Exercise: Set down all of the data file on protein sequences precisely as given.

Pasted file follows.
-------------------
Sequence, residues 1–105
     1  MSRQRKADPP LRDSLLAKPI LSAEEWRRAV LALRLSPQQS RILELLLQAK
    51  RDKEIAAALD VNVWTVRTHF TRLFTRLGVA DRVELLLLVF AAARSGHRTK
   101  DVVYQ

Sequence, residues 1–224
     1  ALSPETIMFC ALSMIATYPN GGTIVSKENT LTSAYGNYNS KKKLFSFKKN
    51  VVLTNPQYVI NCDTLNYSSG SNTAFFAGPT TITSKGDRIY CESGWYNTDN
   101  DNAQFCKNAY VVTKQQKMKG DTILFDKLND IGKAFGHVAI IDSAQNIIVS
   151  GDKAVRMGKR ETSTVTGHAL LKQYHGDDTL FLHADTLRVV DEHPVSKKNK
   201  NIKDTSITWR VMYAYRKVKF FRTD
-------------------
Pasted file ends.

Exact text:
Sequence, residues 1–105
     1  MSRQRKADPP LRDSLLAKPI LSAEEWRRAV LALRLSPQQS RILELLLQAK
    51  RDKEIAAALD VNVWTVRTHF TRLFTRLGVA DRVELLLLVF AAARSGHRTK
   101  DVVYQ

Sequence, residues 1–224
     1  ALSPETIMFC ALSMIATYPN GGTIVSKENT LTSAYGNYNS KKKLFSFKKN
    51  VVLTNPQYVI NCDTLNYSSG SNTAFFAGPT TITSKGDRIY CESGWYNTDN
   101  DNAQFCKNAY VVTKQQKMKG DTILFDKLND IGKAFGHVAI IDSAQNIIVS
   151  GDKAVRMGKR ETSTVTGHAL LKQYHGDDTL FLHADTLRVV DEHPVSKKNK
   201  NIKDTSITWR VMYAYRKVKF FRTD